Swedes R Us—NOT
Sectarian and secular special interests promoting school-voucher plans (tax aid for faith-based and other private schools in the United States) are a long way from giving up their crusade despite overwhelming popular opposition in more than twenty-five statewide referenda; from liberal Massachusetts and California to conservative Utah; clear constitutional bans in three-fourths of the states, and strong opposition by the Democratic Party. A new move by the conservative Heritage Foundation seeks to use Sweden’s school-voucher experiment, begun in 1992, as an example for the United States to follow.
The Heritage Foundation overlooks the profound differences between Sweden and the United States: in particular, between what might be politically acceptable in Sweden but not in America. First, Sweden is far more secular than the United States (though it does not have a tradition of separation of church and state). It is much more culturally and ethnically homogeneous and vastly more egalitarian than the United States. (FYI: Enrollment in Sweden’s nonpublic schools is about the same as in the United States, about 10 percent, but while the overwhelming majority of U.S. nonpublic schools are faith-based, only about 10 percent of Sweden’s nonpublic schools are.) Further, schools participating in Sweden’s voucher program may not discriminate in admissions, may not charge additional tuition or fees, are required to cover the content of Sweden’s national curriculum, and must participate in national testing and be open to government inspection.
In contrast to Sweden, America is a far less secular and egalitarian but far more heterogeneous society. In the United States, faith-based and other nonpublic schools would not stand for anywhere near the level of government regulation that Swedish nonpublic schools accept. Finally, vouchers seem to have found support in Sweden that they never would have in the United States.
Population and Climate Change
A study released in September by the London School of Economics has reemphasized the obvious: rising population inevitably increases the production of greenhouse gases and contributes to global warming and climate change. In 1975, the Ford Administration produced the National Security Study Memorandum (NSSM) 200 report, making it abundantly clear that worldwide population growth accelerates resource depletion and environmental degradation while provoking political instability and unrest. The NSSM 200 report recommended universal access to family planning assistance. Curiously, the report was mysteriously “classified” and buried until almost the eve of the Rwanda massacre and the U.N. Cairo population conference. Although—thanks to population scientist Steven Mumford*—the report has been out for a decade and a half, few writers onour growing climate change problem seem emboldened to discuss the importance of action to curb population growth.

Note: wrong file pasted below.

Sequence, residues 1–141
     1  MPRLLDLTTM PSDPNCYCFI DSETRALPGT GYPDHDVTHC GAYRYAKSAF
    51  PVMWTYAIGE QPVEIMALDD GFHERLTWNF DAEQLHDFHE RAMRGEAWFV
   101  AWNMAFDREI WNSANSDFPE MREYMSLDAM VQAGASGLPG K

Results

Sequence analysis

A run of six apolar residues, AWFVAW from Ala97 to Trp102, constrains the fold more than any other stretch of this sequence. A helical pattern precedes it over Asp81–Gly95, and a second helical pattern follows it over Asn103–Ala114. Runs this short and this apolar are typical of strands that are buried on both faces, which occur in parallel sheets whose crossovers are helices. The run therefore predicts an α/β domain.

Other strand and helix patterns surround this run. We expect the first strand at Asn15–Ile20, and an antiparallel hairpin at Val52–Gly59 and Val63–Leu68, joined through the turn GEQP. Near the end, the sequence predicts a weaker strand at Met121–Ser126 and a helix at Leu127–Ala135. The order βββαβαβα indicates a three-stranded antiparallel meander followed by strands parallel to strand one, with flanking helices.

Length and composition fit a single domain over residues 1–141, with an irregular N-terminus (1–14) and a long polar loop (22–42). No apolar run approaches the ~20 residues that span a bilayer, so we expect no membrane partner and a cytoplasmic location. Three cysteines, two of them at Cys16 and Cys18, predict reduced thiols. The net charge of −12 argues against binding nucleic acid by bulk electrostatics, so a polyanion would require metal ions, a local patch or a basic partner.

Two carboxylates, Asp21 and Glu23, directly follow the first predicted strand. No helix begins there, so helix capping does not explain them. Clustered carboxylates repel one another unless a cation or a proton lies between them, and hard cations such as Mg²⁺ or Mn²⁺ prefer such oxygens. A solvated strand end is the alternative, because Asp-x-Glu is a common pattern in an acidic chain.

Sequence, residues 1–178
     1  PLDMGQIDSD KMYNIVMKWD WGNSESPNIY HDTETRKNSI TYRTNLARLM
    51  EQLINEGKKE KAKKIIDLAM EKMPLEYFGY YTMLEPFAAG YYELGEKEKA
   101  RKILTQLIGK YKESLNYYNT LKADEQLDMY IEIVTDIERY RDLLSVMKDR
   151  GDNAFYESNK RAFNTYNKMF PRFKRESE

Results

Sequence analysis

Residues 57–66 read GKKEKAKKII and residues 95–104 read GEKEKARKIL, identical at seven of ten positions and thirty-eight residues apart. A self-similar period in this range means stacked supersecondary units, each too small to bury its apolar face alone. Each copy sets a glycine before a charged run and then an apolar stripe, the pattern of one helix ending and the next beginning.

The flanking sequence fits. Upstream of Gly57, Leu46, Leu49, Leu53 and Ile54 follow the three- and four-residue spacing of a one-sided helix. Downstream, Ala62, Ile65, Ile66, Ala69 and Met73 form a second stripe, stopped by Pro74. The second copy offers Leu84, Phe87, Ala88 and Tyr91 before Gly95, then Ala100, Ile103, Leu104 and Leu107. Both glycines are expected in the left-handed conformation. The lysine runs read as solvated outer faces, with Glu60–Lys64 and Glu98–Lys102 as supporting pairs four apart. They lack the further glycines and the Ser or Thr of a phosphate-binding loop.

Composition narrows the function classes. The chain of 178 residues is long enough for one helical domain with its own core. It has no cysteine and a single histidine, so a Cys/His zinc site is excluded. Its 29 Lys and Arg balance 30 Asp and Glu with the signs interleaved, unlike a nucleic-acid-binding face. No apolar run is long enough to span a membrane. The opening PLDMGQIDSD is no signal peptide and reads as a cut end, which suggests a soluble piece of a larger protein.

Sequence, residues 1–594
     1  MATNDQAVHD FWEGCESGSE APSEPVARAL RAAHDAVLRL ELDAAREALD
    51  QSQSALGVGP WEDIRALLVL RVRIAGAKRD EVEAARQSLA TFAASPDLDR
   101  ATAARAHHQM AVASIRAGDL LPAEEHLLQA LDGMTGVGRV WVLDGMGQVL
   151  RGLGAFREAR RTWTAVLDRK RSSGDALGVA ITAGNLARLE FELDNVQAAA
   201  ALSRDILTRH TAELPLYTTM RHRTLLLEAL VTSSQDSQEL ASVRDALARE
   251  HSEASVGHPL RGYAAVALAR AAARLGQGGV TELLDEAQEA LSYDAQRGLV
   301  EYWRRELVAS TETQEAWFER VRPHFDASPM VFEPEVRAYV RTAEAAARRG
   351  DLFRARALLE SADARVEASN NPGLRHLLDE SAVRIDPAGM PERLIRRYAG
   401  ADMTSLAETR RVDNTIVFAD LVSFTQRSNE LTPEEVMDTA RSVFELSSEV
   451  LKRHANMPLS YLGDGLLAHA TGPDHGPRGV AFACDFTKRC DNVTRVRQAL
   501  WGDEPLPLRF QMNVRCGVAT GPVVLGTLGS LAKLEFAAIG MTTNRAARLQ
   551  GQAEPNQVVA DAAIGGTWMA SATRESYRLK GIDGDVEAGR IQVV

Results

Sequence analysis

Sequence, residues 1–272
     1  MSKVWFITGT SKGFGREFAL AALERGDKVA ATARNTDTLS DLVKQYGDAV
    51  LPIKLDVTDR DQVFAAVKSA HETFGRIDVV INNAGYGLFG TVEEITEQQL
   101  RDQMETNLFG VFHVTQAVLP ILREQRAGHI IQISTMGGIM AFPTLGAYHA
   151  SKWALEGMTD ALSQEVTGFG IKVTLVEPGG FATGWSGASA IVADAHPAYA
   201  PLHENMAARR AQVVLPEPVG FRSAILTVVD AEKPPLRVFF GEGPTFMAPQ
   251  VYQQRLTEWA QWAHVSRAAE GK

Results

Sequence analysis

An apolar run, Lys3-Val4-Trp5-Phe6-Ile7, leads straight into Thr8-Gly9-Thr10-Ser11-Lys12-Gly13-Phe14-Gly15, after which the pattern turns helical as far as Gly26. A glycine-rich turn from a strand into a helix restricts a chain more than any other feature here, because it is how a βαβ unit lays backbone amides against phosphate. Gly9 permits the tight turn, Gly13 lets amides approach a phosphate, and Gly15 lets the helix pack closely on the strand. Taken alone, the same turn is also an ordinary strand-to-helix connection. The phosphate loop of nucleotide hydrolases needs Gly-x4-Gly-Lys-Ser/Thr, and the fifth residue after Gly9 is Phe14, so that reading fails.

One of the main obstacles to action is the enormous influence of various fundamentalist, clericalist, patriarchalist, and theocratic interests, mainly the Vatican and conservative Christian and Muslim fundamentalists. Catholic and Islamic influence have tied the hands of the U.N. and the American government. We see the baleful impact of the Mexico City “gag rule” policies of the Reagan and Bush I and II administrations, whose opposition to worldwide family planning aid not only shortsightedly impeded programs dealing with population but also caused untold damage to the lives, health, and welfare of countless women and children in the developing world.
All of this certainly raises serious church-state problems. Plainly put, promoting or imposing pro-natalist and anti-reproductive choice policies harms real people. It threatens the life, liberty, and happiness of billions alive today and more to come tomorrow, and it runs counter to the religious liberty protections of the First Amendment.
In a little over a decade,Louisiana’s peculiar “covenant marriage” law has had few takers. The state’s Department of Health and Hospitals has reported that only 1 percent of the marriage licenses issued from 1997 through 2007 were for covenant marriages. Only two other states, Arizona and Arkansas, have followed the example of the Pelican State. Covenant marriages require pre-marital counseling and can be dissolved by divorce only when one partner has committed adultery, there has been sexual or physical abuse of a child or spouse, one partner has committed a felony or has been sentenced to death, or one partner has abandoned the other for more than a year and refuses to seek counseling or to return. Religious Right groups may push Governor Bobby Jindal and clergy to promote covenant marriage. Personally, I can’t see this being successful, even in Louisiana.
* See Stephen D. Mumford, “Overcoming Overpopulation: The Rise and Fall of American Political Will” (Free Inquiry, Spring 1994)